Primary elections are used by political parties in the United States to select their candidates for public office. They are typically held before the general election to determine which individuals will represent each party on the ballot.
There are two types of primary elections: closed and open. Only registered political party members can vote for candidates in a closed primary. In an open primary, any voter can participate.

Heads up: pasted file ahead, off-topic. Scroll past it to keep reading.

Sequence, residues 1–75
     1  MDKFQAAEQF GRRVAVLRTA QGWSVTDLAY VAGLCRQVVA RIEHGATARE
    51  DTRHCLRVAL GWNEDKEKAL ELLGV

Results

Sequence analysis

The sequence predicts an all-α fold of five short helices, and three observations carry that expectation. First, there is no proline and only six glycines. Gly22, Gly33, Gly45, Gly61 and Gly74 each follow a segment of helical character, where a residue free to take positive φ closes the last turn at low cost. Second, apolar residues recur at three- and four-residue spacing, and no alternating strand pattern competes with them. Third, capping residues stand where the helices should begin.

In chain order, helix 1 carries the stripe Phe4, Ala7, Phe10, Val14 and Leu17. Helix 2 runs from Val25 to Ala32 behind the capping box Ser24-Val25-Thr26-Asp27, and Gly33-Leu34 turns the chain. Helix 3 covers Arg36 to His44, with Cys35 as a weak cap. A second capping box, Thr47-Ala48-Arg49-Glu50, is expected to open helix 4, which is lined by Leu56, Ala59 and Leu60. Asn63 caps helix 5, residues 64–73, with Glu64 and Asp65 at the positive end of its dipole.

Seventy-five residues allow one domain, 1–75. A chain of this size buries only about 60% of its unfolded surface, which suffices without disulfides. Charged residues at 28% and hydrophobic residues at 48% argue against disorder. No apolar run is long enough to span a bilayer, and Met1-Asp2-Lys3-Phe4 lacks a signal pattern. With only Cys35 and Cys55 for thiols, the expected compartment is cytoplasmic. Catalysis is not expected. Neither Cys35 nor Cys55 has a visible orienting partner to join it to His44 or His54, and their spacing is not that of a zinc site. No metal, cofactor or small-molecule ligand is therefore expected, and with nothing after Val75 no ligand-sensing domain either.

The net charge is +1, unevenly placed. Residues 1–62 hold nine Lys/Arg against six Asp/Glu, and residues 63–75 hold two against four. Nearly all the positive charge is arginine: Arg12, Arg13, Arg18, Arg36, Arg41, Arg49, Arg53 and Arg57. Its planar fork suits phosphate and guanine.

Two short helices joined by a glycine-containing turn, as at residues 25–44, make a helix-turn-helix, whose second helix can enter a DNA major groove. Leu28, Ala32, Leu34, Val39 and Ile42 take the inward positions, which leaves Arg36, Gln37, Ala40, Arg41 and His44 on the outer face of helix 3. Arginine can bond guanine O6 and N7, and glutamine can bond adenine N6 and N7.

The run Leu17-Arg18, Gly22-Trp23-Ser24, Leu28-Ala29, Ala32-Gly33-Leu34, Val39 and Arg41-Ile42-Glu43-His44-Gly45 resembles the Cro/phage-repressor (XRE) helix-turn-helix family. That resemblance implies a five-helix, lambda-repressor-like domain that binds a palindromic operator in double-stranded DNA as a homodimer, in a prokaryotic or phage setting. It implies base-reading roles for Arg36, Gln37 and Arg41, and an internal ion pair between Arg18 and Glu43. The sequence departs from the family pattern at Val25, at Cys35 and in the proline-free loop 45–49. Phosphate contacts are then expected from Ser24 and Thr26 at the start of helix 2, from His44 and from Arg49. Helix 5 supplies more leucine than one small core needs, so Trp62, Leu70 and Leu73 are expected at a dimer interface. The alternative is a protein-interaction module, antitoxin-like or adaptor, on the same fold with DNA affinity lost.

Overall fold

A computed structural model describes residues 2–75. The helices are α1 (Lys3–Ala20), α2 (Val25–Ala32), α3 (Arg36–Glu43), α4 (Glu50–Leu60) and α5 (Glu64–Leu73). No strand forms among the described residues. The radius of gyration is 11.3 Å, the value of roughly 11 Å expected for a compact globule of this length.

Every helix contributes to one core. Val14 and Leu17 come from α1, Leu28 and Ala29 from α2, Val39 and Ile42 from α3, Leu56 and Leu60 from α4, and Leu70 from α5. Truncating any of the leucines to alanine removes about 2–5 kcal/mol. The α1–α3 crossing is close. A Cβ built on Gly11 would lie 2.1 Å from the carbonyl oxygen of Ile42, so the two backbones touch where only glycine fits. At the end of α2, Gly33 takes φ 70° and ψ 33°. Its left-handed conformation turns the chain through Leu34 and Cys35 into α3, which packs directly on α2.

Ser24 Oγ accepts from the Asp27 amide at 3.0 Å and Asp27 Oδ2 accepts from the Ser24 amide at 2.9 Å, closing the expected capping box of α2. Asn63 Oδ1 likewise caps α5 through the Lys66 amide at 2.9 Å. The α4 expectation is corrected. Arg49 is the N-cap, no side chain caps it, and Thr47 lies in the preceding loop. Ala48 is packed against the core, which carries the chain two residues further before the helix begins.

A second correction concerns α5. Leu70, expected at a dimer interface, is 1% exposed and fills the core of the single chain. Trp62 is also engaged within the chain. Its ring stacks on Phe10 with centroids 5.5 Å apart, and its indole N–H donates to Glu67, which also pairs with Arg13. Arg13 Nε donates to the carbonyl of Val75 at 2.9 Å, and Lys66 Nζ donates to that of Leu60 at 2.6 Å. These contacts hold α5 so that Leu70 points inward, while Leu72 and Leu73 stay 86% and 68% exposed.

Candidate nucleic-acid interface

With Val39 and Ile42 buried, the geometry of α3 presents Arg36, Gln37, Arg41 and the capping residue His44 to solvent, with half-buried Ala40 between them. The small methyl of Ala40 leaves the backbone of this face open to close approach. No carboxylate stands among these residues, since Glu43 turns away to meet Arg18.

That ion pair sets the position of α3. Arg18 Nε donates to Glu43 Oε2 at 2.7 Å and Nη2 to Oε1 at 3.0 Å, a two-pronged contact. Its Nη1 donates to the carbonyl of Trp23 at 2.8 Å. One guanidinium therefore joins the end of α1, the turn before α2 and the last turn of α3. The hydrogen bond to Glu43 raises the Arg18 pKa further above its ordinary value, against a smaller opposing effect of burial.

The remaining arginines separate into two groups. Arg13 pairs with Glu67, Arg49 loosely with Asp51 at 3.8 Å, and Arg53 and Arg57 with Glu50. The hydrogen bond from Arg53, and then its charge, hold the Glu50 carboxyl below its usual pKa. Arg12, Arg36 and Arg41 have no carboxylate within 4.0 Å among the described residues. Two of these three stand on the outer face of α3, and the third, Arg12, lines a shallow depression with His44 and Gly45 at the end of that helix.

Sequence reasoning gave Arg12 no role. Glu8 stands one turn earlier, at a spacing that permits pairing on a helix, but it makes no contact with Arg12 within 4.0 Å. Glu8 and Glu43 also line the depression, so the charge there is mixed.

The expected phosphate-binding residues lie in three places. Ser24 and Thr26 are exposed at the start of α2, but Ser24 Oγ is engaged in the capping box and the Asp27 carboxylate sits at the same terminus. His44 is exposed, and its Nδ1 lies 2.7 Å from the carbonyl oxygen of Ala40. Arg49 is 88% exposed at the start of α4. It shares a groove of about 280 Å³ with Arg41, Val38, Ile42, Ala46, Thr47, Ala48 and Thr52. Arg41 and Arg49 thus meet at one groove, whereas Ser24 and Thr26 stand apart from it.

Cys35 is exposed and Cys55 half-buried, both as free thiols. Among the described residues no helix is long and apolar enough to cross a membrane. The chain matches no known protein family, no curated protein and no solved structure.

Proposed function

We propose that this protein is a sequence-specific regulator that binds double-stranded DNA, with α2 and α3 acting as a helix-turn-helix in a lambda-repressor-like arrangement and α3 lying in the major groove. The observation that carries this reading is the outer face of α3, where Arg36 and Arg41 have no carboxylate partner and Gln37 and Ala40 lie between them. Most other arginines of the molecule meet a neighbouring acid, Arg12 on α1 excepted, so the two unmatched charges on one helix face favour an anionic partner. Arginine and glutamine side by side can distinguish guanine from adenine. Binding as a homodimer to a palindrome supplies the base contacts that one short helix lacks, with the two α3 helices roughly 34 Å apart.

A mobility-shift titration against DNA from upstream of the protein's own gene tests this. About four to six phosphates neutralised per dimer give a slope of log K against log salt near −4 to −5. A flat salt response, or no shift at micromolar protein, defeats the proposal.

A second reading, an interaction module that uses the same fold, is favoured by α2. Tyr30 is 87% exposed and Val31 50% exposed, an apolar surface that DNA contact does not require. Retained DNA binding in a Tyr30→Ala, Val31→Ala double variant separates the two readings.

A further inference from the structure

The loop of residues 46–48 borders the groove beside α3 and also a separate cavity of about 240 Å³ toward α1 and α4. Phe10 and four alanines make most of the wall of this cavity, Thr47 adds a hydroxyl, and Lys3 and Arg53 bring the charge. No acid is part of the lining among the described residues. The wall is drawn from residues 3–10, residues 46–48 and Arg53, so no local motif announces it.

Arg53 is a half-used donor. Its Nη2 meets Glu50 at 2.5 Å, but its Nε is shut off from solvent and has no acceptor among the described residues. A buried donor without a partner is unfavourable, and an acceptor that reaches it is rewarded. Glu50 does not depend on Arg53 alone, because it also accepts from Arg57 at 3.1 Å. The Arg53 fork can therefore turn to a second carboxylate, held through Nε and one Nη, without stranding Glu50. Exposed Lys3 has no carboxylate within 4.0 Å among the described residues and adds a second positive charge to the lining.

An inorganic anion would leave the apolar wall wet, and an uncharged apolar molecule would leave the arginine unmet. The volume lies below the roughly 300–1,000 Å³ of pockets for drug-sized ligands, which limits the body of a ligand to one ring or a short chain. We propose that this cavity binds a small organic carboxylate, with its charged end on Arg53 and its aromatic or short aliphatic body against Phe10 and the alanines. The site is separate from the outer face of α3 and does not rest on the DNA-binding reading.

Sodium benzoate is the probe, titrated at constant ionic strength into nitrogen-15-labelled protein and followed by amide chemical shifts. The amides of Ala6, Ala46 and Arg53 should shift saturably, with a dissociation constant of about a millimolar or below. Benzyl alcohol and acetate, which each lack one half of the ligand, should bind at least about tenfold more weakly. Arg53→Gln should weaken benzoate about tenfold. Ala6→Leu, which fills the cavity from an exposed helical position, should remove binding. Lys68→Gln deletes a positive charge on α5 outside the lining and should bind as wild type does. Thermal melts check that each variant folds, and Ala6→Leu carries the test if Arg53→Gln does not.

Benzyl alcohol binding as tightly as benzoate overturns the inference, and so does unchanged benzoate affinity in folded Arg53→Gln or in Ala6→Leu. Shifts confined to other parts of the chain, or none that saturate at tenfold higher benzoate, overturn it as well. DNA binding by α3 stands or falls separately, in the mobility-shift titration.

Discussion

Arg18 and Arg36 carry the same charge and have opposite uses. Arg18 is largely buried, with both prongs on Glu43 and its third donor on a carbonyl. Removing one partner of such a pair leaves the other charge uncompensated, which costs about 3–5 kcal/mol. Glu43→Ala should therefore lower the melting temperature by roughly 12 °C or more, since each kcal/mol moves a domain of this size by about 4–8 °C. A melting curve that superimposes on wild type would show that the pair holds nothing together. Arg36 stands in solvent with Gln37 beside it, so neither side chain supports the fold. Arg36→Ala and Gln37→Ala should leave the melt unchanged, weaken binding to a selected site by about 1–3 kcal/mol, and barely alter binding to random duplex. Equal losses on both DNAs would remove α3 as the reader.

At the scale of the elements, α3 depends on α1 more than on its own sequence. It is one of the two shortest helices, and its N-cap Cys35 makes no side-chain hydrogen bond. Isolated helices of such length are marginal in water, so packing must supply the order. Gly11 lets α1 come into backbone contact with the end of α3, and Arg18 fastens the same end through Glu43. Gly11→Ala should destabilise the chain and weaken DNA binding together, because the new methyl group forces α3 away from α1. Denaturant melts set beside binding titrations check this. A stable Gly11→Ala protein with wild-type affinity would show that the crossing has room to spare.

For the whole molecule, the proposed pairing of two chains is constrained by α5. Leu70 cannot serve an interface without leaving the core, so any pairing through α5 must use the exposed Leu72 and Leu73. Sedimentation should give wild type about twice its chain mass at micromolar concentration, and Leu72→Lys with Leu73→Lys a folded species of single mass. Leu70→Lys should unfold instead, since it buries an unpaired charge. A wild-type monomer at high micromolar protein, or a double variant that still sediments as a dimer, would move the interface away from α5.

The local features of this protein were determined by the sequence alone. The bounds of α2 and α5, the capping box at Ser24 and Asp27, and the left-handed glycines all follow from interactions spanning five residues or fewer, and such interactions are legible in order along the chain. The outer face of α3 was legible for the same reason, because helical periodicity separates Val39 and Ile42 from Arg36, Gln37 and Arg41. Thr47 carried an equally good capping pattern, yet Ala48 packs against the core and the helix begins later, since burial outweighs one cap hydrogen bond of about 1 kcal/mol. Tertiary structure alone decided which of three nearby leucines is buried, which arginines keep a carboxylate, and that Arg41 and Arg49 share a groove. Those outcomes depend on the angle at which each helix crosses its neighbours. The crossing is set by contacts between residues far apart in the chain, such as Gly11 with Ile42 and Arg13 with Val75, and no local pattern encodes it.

In some states, a “caucus” system is used for their primary elections, where voters attend a meeting to discuss and vote for candidates. In other states, secret ballots are used, and the winner is decided by the popular vote.
The primary process ensures that the party’s voters can choose a party’s nominee rather than the general electorate. The primary winner is then the party’s nominee in the general election.